BetterLawNotes-5 (2)


It is helpful to identify the following requirements which a party will have to establish in order to rely on promissory estoppel:

A clear and unequivocal promise

For promissory estoppel to operate, there must be a ‘clear and unambiguous’ promise (Woodhouse AC Israel Cocoa Ltd SA v Nigerian Produce Marketing Co Ltd [1972] AC 741, 755 (Lord Hailsham LC)), either by words or conduct, by the promisor that he will not enforce his strict legal rights. Furmston cites (Cheshire, Fifoot and Furmston’s Law of Contract 17th edn (2017) at 136-137) as an illustration of this requirement, the Canadian case of John Burrows Ltd v Subsurface Surveys Ltd.

John Burrows Ltd v Subsurface Surveys Ltd (1968) 68 DLR (2d) 354

By a promissory note, the defendant company promised to pay the sum of $42,000 to the claimant company in nine years and ten months’ time. In the meantime, the defendant promised to pay interest on the first day of each month. The note further provided that if any interest payment remained unpaid after ten days, the principal amount would immediately fall due for payment. Subsequently, the defendant’s interest payments were paid more than ten days’ late on eleven occasions, but the claimant did not demand payment of the principal sum. The parties then fell out. When payment of interest was overdue for a twelfth time, the claimant sought payment of the entire debt.

The Supreme Court of Canada held that the evidence did not warrant an inference that the claimant had promised not to claim payment of the principal should the defendant fail to pay monthly interest as promised. On the contrary, the claimant’s conduct was more consistent with its having granted friendly indulgences to the defendant while reserving its right to insist on strict compliance with terms of the promissory note.

An intention that the promise be relied on

In his judgment in the High Trees case, Denning J makes it clear that the promisor must intend that the promise should act on the promise. How can such an intention be shown? In High Trees, the fact that the landlord intended that the tenant rely on its promise to reduce the rent by half could be shown by the fact that the landlord accepted half-payment and did not treat it as a breach of the terms of the lease.

Reliance on the promise by the promisee

It is also necessary that the promisee does in fact rely on the promise. However, there is no requirement that such reliance is of itself detrimental to the promise.

‘The fundamental principle is . . . that the representor will not be allowed to enforce his rights ‘where it would be inequitable having regard to the dealings which have thus taken place between the parties’. To establish such inequity, it is not necessary to show detriment; indeed, the representee may have benefited from the representation, and yet it may be inequitable, at least without reasonable notice, for the representor to enforce his legal rights.’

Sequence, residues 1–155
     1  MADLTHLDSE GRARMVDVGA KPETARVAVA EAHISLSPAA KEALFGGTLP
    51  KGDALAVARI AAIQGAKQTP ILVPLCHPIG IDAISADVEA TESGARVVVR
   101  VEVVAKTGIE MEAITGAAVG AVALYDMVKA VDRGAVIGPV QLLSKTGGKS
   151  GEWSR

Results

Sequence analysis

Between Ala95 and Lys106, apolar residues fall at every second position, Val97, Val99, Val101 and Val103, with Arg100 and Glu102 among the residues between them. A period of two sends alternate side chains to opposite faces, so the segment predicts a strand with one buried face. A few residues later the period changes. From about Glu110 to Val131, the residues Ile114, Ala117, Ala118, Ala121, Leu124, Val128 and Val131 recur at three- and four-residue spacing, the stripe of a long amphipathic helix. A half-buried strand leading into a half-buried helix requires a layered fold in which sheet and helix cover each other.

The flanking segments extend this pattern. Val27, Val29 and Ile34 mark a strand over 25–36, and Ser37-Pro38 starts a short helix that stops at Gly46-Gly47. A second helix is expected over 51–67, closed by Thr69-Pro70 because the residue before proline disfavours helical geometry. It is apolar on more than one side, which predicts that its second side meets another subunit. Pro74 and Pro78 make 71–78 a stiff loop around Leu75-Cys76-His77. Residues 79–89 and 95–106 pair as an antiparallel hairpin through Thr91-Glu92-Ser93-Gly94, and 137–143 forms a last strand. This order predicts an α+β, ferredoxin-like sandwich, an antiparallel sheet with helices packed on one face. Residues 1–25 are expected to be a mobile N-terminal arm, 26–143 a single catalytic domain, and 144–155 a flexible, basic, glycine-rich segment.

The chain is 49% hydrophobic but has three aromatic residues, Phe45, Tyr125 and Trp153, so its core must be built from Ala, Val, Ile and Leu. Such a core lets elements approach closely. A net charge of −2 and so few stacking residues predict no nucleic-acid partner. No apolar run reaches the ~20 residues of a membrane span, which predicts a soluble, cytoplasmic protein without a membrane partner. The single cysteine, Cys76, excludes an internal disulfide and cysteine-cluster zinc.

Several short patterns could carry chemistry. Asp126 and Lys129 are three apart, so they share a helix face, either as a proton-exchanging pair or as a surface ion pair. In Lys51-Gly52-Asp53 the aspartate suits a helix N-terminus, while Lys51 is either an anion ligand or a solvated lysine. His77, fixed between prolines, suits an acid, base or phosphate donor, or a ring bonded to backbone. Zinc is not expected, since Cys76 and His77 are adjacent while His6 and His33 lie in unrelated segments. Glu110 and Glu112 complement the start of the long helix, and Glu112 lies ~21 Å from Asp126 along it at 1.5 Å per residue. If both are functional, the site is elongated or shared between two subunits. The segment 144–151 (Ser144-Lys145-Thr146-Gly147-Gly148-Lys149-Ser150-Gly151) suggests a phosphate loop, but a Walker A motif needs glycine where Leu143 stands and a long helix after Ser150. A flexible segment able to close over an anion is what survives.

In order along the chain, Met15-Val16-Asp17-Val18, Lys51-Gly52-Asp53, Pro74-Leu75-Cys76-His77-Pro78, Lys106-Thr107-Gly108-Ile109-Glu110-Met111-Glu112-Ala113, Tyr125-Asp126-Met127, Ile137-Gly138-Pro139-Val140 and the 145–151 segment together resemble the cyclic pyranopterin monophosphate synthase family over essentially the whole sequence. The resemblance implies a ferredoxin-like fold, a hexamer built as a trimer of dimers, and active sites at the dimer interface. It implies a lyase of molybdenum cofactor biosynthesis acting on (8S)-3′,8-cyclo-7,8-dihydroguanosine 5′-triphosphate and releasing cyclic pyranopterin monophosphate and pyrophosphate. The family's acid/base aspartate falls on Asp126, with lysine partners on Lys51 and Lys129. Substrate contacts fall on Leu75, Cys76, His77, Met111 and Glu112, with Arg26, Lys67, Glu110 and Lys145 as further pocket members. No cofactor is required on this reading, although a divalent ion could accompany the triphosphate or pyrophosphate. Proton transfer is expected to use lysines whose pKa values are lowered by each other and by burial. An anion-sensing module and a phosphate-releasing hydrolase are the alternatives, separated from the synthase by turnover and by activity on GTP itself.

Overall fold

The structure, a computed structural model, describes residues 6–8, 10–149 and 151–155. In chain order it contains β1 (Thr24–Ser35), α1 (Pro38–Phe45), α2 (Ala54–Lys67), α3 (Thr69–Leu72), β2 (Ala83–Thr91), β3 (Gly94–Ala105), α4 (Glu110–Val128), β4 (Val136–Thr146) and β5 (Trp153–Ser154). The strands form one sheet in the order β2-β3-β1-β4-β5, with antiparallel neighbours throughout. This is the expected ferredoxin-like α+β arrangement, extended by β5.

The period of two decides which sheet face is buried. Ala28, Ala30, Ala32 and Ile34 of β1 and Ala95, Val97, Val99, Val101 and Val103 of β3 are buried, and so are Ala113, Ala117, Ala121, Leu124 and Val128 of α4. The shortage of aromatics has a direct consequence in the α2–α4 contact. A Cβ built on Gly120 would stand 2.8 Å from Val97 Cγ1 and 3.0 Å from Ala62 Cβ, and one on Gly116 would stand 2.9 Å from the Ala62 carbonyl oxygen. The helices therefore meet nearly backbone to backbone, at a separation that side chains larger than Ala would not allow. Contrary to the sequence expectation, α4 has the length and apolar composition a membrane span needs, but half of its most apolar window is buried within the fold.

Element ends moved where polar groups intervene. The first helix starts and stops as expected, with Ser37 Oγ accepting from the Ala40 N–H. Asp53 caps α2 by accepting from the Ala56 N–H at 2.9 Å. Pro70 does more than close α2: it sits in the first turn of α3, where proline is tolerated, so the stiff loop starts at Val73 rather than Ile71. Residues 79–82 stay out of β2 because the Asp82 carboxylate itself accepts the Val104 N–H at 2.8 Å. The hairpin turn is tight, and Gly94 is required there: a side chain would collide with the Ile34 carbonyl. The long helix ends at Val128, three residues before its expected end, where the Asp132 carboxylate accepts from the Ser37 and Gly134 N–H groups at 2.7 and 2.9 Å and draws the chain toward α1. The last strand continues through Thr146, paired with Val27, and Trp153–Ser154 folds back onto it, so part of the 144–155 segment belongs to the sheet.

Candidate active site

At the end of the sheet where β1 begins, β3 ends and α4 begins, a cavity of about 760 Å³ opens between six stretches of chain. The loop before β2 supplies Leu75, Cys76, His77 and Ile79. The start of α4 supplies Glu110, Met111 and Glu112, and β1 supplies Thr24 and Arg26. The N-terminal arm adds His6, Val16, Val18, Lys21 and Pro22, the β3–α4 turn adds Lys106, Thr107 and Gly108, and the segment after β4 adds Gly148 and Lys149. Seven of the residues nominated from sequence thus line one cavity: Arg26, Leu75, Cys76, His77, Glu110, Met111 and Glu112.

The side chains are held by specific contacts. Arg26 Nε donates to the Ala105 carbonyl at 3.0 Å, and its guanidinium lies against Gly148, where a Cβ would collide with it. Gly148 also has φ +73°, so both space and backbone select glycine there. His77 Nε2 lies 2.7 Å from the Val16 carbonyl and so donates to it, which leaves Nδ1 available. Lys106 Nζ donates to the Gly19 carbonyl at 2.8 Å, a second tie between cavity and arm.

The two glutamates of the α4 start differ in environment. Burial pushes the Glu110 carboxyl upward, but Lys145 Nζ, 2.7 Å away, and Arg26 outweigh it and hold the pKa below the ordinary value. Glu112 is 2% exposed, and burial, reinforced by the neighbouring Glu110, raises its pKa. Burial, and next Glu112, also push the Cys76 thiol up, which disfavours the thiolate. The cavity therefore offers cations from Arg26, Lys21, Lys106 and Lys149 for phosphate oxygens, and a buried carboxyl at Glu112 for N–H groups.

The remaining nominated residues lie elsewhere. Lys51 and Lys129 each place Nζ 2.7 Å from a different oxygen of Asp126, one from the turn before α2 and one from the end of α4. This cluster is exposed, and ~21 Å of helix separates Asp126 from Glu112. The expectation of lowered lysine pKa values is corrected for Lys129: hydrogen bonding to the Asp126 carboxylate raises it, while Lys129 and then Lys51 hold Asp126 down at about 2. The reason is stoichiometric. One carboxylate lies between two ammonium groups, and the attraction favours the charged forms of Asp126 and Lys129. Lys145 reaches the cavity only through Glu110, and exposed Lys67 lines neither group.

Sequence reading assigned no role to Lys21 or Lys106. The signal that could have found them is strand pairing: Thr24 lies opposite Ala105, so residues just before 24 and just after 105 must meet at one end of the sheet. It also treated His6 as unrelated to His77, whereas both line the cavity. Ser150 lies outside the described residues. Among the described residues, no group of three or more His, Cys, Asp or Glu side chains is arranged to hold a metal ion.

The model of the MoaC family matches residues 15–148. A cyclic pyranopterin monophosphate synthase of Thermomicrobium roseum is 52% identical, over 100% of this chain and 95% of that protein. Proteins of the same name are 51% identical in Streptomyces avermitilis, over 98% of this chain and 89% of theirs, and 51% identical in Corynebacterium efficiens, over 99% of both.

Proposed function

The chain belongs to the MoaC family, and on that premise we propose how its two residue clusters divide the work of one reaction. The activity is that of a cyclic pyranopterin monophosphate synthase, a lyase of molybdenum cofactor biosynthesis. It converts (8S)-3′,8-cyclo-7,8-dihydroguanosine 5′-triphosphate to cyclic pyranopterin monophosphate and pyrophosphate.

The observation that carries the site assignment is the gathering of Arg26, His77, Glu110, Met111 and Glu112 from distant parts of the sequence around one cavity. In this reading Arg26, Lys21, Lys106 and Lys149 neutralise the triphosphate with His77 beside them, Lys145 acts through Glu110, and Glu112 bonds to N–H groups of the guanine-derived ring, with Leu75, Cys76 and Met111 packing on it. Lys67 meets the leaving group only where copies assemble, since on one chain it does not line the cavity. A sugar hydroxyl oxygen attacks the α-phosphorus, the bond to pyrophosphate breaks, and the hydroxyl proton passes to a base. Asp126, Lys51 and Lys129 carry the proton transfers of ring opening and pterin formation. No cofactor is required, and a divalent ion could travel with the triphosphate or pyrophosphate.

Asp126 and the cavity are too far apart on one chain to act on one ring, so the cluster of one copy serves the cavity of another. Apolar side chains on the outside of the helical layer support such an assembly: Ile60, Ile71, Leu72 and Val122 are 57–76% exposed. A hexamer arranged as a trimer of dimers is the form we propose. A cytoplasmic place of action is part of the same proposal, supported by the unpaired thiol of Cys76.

(Societe Italo-Belge pour le Commerce et l’Industrie SA v Palm and Vegetable Oils (Malaysia) Sdn Bhd, the Postchaser [1982] 1 All ER 19 (Robert Goff J at 26-27))

So, in High Trees, the tenant relied on the landlord’s promise to reduce the rent by paying only half, and not all, of the rent. The fact that doing so might be said to benefit the promisee is irrelevant at this stage.

Inequitable to enforce the promisor’s strict legal rights

The essence of promissory estoppel is that it would be inequitable to allow the promisor to enforce his strict legal rights. Note that it won’t necessarily be inequitable to allow the promisor to enforce his strict legal rights merely because he had promised not and the promisee relied on that promise: generally, something more will be needed. So in High Trees it might have been inequitable for the landlord to seek the unpaid balance of the rent for the war years because the tenant conducted its affairs during that period on the assumption that it would have to pay 50% of the rent: had it known that it might end up having to pay the rent in full, it would have acted differently, for example spent less money on other things, in the meantime.

On the facts of a particular case, it may not be inequitable for the promisor to enforce his strict legal rights despite having promised not to do so. This provides one ground for the decision of the Court of Appeal in D & C Builders v Rees [1966] 2 QB 617 (a case which is considered in more detail in the section on duress). For another example, see:

Societe Italo-Belge pour le Commerce et l’Industrie SA v Palm and Vegetable Oils (Malaysia) Sdn Bhd, The Postchaser [1982] 1 All ER 19

S agreed to sell a quantity of palm oil to B. B agreed to sell the consignment to T. The contract between S and B provided that S was to make a declaration of ship in writing as soon as possible after the vessel containing the consignment of oil set sail. S did not give the declaration until a month after the ship had sailed. B made no protest about the lateness of the declaration and requested S to deliver the consignment documents to T. T rejected the documents whereupon B too rejected them. Was B entitled to reject the documents in the first place? If so, had it lost that right by initially failing to do so? Goff J held that the delay in making the declaration of ship entitled B to reject the documents. B though had unequivocally represented to S that it had waived its rights to reject the documents by requesting S to hand them to T. However, while S had relied on this representation, given the time between the representation and the rejection, and the fact that S’s position had not been prejudiced by reliance on the representation, it would not be inequitable for B to rely on its strict legal rights to reject the documents.

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